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The Columbia Guide to Religion in American History$
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Paul Harvey and Edward Blum

Print publication date: 2012

Print ISBN-13: 9780231140201

Published to Columbia Scholarship Online: November 2015

DOI: 10.7312/columbia/9780231140201.001.0001

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PRINTED FROM COLUMBIA SCHOLARSHIP ONLINE (www.columbia.universitypressscholarship.com). (c) Copyright University of Minnesota Press, 2021. All Rights Reserved. An individual user may print out a PDF of a single chapter of a monograph in CUPSO for personal use.date: 19 September 2021

Religion and the Law in American History

Religion and the Law in American History

Chapter:
(p.154) 7. Religion and the Law in American History
Source:
The Columbia Guide to Religion in American History
Author(s):

Frank S. Ravitch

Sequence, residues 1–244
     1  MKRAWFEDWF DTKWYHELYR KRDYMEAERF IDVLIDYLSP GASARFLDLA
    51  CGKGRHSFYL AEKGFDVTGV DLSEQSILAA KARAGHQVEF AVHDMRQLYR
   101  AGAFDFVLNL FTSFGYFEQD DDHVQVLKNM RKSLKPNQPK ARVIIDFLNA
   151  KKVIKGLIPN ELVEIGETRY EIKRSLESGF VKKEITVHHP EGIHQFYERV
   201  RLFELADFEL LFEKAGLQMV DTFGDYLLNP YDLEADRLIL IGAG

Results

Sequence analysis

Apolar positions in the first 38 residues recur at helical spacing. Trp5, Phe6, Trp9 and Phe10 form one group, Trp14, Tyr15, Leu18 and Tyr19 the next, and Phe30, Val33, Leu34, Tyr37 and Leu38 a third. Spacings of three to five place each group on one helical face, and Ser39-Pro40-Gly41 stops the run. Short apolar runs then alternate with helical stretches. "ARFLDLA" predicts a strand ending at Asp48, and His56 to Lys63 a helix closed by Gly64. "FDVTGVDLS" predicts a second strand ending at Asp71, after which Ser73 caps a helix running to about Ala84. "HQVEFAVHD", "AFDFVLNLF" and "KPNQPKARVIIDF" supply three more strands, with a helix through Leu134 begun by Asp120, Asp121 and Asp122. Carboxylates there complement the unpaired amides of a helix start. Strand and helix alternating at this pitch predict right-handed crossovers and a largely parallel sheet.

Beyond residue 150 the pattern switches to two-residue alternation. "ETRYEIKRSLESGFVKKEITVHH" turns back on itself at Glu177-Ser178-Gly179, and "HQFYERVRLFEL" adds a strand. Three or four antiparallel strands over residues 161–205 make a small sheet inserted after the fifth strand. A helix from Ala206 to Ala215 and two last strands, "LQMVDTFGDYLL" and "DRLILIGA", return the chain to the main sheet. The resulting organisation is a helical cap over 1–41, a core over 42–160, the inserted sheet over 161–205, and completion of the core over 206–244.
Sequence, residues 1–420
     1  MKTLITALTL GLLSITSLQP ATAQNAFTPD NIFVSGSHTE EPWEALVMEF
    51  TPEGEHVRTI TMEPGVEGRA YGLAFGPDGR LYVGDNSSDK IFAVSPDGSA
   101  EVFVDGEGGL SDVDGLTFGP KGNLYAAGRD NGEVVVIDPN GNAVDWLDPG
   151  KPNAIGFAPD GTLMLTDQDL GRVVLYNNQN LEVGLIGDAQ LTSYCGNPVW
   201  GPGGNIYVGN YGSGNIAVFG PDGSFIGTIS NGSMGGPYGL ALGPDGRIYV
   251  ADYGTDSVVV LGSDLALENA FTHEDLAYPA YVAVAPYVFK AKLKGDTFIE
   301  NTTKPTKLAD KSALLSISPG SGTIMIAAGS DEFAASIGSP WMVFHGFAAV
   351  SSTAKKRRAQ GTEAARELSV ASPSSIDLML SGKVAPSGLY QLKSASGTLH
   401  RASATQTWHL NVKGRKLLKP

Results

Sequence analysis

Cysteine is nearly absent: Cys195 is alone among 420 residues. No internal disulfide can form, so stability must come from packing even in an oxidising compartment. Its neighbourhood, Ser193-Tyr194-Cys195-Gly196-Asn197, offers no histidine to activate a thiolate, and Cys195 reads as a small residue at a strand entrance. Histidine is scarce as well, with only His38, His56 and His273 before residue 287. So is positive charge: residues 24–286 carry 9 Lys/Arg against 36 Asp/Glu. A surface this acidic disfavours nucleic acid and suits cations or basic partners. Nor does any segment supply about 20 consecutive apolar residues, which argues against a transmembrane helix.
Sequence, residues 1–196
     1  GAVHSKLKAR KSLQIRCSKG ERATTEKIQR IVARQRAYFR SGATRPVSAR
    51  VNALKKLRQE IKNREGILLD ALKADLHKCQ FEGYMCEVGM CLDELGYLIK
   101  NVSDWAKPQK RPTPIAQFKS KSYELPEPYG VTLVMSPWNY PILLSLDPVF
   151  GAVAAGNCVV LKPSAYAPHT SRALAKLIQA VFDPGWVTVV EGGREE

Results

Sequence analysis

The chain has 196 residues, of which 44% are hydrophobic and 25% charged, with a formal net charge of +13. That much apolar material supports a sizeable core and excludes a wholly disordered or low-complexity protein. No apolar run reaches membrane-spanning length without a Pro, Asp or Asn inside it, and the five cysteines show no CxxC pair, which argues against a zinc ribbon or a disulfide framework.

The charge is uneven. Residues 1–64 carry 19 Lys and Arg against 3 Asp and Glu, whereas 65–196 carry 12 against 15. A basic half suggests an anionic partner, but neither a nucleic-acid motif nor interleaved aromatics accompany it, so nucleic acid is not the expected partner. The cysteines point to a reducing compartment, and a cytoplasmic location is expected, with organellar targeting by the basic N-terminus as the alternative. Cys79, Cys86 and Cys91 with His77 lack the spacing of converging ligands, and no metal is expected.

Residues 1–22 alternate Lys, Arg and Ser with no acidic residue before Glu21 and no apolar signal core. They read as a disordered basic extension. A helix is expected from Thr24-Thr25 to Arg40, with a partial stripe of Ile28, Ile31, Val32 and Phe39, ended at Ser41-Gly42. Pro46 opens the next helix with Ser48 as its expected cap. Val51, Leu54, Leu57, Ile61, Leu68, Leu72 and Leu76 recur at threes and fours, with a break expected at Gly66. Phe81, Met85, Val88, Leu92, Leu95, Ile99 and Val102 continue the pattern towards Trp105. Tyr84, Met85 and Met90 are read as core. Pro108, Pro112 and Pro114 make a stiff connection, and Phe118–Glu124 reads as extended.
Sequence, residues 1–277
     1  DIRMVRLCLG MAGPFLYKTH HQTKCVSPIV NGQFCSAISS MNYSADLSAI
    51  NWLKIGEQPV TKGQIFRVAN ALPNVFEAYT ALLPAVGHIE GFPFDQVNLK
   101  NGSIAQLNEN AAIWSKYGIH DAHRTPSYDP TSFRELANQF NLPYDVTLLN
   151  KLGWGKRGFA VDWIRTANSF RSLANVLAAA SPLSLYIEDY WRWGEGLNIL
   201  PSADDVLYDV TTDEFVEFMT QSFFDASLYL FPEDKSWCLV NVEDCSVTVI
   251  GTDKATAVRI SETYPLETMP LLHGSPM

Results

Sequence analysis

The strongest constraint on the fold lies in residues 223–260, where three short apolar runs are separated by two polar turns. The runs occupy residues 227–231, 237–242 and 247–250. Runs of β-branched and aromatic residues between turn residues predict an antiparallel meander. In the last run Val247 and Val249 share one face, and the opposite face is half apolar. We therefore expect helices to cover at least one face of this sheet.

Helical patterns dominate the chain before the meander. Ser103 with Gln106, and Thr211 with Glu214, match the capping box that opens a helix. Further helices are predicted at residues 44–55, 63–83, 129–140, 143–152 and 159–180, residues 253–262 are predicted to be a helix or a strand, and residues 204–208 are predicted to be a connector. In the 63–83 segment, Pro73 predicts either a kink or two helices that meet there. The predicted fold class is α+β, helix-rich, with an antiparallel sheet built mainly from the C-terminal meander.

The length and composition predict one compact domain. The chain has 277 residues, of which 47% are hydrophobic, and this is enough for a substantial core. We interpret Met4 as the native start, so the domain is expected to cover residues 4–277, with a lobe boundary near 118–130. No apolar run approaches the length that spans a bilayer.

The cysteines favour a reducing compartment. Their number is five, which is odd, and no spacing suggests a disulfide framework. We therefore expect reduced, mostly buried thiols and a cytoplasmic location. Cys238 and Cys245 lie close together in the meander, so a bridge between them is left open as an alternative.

Publisher:
Columbia University Press
DOI:10.7312/columbia/9780231140201.003.0008

This chapter surveys some of the major eras and events involving law and religion in American history. The history of law and religion in the United States has been used to argue both for and against the separation of church and state. Numerous decisions by the U.S. Supreme Court reflect this use of history. In 1940, the Supreme Court decided Cantwell v Connecticut, which incorporated the Free Exercise Clause through the Fourteenth Amendment. Seven years later, the Court decided Everson v Board of Education (1947), which incorporated the Establishment Clause. Incorporation was key to the current era of law and religion. This chapter begins with an overview of law and religion in the colonies and the United States during the period 1750–1870 before turning to the years 1870–1940 and the post-incorporation era from 1940/1947 to the present.

Keywords:   law, religion, American history, United States, Supreme Court, Free Exercise Clause, Fourteenth Amendment, Establishment Clause, incorporation, colonies

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